Conference: Southern Intercollegiate Athletic Conference
Mascot: Panthers and Lady Panthers
Online Classes: yes
Percent Men: 35%
Percent Women: 65%
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Majors Offered

School of Business

Undergraduate Programs
•Bachelor of Science in Business Administration with a Concentration in Accounting and Finance
•Bachelor of Science in Business Administration with
•Non Business Minor
•Bachelor of Science in Management
•Bachelor of Science in Marketing

Undergraduate Program(Professional & Continuing Studies)
•Bachelor of Science in Organizational Management

Graduate Program
•Master of Business Administration

School of Education

Undergraduate Programs
•Bachelor of Science in Early Childhood Education
•Bachelor of Science in Elementary Education
• Bachelor of Science in Human Performance and Recreation
•Bachelor of Science in Middle Level Education
•Bachelor of Arts in Sport Management

School of Humanities & Social Sciences

Undergraduate Programs

Department of Art
•Bachelor of Arts in Art
•Bachelor of Arts in Art Education
•Bachelor of Arts in Digital Design

Department of English & Foreign Languages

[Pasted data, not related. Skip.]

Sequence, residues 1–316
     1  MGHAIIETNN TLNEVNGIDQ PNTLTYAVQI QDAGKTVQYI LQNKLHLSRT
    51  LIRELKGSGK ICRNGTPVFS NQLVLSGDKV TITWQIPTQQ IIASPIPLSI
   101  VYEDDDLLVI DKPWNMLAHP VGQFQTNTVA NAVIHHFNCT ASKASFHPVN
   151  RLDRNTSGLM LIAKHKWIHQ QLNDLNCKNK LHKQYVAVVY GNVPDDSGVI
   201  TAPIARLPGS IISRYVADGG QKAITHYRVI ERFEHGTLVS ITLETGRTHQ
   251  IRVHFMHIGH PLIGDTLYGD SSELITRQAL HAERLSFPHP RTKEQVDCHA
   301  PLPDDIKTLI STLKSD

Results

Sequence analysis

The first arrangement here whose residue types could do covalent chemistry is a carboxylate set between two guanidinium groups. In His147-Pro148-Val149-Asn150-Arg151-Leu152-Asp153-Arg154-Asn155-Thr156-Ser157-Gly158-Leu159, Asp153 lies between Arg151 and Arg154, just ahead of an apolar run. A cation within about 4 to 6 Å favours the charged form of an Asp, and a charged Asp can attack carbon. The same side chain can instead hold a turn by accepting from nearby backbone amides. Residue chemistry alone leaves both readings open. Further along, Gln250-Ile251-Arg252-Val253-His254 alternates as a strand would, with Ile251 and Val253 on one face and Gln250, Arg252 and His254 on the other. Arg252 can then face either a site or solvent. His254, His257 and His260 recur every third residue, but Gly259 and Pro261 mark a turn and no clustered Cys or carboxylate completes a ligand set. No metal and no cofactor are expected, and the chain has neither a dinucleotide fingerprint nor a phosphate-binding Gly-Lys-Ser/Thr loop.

•Bachelor of Arts in English
•Bachelor of Arts in English Education
•Bachelor of Arts in American Studies

Department of History & Sociology
•Bachelor of Arts in African & African American Studies
•Bachelor of Arts in History
•Bachelor of Arts in Sociology

Undergraduate Program(Professional & Continuing Studies)
•Bachelor of Arts in Sociology/Criminal Justice Administration

Department of Mass Communication
•Bachelor of Arts in Electronic Production
     •with a concentration in Broadcast Journalism
     •with a concentration in Print Journalism
     •with a concentration Public Relations
     •with a concentration in Radio Production
     •with a concentration in Sound Recording
     •with a concentration in Television Production

Department of Music
•Bachelor of Arts in Music
•Bachelor of Arts in Music Education

Department of Philosophy & Religion
•Bachelor of Arts in Philosophy & Religion
     •with a concentration in Philosophy